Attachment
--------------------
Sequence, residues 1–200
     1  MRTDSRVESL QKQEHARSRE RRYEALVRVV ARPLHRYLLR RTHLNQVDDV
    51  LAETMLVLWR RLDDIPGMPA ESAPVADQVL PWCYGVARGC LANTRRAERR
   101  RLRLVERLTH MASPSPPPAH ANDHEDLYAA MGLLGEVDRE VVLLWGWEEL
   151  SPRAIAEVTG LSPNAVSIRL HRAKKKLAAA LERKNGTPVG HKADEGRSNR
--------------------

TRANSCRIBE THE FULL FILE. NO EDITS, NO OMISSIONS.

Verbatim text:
Sequence, residues 1–200
     1  MRTDSRVESL QKQEHARSRE RRYEALVRVV ARPLHRYLLR RTHLNQVDDV
    51  LAETMLVLWR RLDDIPGMPA ESAPVADQVL PWCYGVARGC LANTRRAERR
   101  RLRLVERLTH MASPSPPPAH ANDHEDLYAA MGLLGEVDRE VVLLWGWEEL
   151  SPRAIAEVTG LSPNAVSIRL HRAKKKLAAA LERKNGTPVG HKADEGRSNR